a doughnut-shaped STED laser focus, with an intensity profile ISTED featuring
a local zero centered on the regular excitation focus (see, e.g., Figure 10.2a).
More specifically, ISTED (r) = Imax f (r), where Imax is the maximum STED beam
(c) 1
λ Ex
Amplitude (a.u.)
500 550 600 650 700 750 800 850
Figure 10.2 (a) Simplified schematic of a
STED microscope. The excitation (λEx ) and
STED (λSTED ) beams are merged by dichroic
mirrors DM1 and DM2 and focused by the
objective lens (OBJ) into a common focus. A
helical phase mask (PM) in the STED beam
path creates a doughnut-shaped STED focus in the sample. Fluorescence is collected
by the objective, separated from laser light
Wavelength (nm)
by DM1 and DM2, bandpass-filtered (F),
and focused onto a detector (D). (b) Detailed view of the helical phase ramp used
to produce a doughnut-shaped STED focus.
(c) Hypothetical excitation (dotted line) and
emission spectra of a fluorophore showing
wavelengths used for excitation (green line),
depletion (red line), and the spectral window
for fluorescence detection (orange box).
10.2 The Concepts behind STED Microscopy
intensity and f (r) is the radial profile of the focused STED beam, which features
f (r = 0) = 0. As f (r) is governed by diffraction, it is a continuous and differentiable
function that varies only gradually and on size scales of conventional microscope
resolution. Fluorescence depletion by SE is therefore less and less efficient, the
closer the position is to r = 0, and fluorescence will be primarily emitted from
the vicinity of the center. By increasing the depletion intensity Imax , even relatively
low amplitudes of the depletion profile are sufficient to cause significant SE and
decrease the area from which fluorescence can be emitted (Figure 10.1b). The
FWHM of the remaining effective fluorescent spot (and hence the resolution of
the system) is well approximated by an expanded form of Eq. (10.1):
2n sin α 1 + ( Imax/Isat )
where Isat ≡ 1/(τ fl σ ) is defined to be the characteristic saturation intensity for a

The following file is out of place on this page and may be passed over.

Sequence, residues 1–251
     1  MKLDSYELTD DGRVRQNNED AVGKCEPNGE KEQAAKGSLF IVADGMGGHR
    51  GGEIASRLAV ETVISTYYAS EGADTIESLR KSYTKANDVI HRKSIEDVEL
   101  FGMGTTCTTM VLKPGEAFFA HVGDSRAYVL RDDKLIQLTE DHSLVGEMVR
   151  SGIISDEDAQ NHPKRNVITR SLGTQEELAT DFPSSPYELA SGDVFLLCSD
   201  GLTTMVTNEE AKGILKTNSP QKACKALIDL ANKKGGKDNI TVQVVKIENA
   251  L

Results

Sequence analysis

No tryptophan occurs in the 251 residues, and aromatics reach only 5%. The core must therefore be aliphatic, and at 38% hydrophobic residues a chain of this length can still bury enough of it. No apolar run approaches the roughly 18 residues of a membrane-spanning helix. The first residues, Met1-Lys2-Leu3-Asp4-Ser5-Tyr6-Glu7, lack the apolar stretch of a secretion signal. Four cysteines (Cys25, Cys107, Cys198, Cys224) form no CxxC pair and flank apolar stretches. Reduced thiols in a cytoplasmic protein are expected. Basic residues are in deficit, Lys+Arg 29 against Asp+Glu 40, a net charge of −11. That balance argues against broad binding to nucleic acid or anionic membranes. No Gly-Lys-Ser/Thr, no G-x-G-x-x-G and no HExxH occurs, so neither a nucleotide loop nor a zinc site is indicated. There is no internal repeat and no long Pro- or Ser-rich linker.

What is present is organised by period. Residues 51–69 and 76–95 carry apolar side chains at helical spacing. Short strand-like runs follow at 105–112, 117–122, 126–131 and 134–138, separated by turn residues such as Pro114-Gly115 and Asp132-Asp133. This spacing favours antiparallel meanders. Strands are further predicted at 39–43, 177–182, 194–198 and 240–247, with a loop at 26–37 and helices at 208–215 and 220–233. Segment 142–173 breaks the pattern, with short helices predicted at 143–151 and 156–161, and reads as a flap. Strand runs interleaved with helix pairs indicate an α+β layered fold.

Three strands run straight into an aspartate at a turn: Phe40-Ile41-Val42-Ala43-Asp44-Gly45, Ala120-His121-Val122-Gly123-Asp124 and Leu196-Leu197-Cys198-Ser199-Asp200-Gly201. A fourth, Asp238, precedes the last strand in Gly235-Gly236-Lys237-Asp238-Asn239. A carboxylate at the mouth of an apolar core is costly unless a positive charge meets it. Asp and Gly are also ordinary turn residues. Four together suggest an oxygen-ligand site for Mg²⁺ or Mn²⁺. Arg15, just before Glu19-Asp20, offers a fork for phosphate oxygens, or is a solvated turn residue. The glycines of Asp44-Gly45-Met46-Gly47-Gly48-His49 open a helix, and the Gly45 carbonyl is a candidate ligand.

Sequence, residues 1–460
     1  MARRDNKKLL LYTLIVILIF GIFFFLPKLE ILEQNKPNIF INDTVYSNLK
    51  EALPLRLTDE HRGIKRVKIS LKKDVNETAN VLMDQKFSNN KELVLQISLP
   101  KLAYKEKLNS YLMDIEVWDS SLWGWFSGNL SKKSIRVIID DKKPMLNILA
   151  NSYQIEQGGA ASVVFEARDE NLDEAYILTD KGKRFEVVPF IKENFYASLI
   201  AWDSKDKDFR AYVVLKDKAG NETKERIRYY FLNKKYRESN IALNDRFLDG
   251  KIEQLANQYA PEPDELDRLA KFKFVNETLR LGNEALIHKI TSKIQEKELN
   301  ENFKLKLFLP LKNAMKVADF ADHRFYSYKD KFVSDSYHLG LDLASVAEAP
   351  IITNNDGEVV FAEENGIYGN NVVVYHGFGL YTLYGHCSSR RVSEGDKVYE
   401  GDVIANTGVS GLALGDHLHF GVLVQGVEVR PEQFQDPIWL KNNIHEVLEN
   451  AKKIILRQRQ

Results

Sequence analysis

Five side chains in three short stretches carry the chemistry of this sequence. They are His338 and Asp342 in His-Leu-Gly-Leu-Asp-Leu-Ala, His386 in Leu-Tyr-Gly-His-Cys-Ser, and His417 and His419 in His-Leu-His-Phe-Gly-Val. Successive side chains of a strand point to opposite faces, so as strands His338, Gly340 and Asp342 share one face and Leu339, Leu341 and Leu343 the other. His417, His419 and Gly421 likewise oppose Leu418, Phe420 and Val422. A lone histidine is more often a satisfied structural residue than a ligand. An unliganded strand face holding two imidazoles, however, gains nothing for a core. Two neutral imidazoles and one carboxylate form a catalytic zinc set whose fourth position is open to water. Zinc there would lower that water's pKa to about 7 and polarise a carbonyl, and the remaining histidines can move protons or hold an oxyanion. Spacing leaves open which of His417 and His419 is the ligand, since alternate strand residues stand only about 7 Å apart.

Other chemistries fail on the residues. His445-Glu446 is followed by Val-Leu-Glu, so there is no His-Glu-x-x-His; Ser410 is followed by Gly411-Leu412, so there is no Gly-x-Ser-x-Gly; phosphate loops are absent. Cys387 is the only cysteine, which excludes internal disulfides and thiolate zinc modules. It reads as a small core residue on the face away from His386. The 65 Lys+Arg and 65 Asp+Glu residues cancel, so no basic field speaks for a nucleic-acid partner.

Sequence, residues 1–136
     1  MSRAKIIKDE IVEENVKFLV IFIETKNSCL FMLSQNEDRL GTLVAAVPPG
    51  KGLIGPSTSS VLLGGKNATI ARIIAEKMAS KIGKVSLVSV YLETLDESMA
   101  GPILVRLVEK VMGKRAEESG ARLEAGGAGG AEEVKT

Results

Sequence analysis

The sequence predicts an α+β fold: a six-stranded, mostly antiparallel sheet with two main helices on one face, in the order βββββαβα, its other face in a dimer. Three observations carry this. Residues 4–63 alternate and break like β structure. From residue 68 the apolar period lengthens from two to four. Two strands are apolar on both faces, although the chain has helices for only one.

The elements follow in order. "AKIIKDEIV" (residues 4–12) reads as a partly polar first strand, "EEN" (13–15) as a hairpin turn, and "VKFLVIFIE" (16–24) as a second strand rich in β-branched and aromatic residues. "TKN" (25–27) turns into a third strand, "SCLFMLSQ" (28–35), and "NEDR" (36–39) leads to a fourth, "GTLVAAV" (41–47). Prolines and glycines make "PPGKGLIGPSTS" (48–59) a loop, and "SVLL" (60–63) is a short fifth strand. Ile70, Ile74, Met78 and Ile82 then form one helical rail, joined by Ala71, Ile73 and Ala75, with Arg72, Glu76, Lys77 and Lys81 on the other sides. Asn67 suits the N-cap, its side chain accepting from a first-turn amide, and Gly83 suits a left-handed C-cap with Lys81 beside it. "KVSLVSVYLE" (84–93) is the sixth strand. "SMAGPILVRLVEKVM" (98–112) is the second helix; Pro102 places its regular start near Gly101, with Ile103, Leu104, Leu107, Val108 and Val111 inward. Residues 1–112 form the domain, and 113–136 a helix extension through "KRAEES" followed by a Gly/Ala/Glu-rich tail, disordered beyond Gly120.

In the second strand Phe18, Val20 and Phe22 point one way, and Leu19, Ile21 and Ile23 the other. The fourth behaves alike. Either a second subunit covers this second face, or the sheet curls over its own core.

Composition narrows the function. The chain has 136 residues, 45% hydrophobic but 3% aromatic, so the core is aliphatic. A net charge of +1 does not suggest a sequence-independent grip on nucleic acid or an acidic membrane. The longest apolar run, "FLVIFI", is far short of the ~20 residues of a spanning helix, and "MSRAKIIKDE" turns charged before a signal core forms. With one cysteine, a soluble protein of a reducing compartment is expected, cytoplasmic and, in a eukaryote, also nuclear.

particular fluorophore at which the emitted fluorescence is reduced by a factor
of 1/e, τ fl is the fluorescence lifetime of the excited state, and n, λ, α, and σ
are as defined in Eq. (10.1) and Eq. (10.3) (Hell, 2009). For typical fluorophores,
200 nm
(e) 1.0
Intensity (a.u.)
100 nm
Figure 10.3 (a) Confocal and (b) STED
images of 20 nm diameter crimson beads
(Invitrogen) demonstrate the superior resolving power of STED microscopy. (c) Confocal
image of a single bead and (d) corresponding STED image. (e) Line profile (black circles) of the boxed area in (d) generated by
FWHM = 26 nm
x (µm)
summing over the short axis of the box.
Fitting to a Lorentzian model function (red
line) yields an FWHM of 26 nm, which represents an upper bound for the resolution
of the STED microscope. (a) and (b) were
smoothed by a 2 × 2 pixel FWHM Gaussian
10 STED Microscopy
Isat ∼ 10 MW cm−2 , which requires Imax ≥ 100 MW cm−2 to push the resolution
significantly beyond the diffraction limit. Figure 10.3 shows a comparison between
confocal and STED microscopies of small fluorescent beads in which the resolution
of the STED images are on the order of 20 nm.
Equation (10.6) shows that by increasing Imax , in principle, an arbitrarily small
r STED can be achieved and therefore the diffraction barrier is broken (Hell
and Wichmann, 1994). Consequently, the resolution of a STED microscope is
not fundamentally limited by diffraction any longer but rather by how well the
theoretical conditions underlying Eq. (10.6) can be realized in practice and by the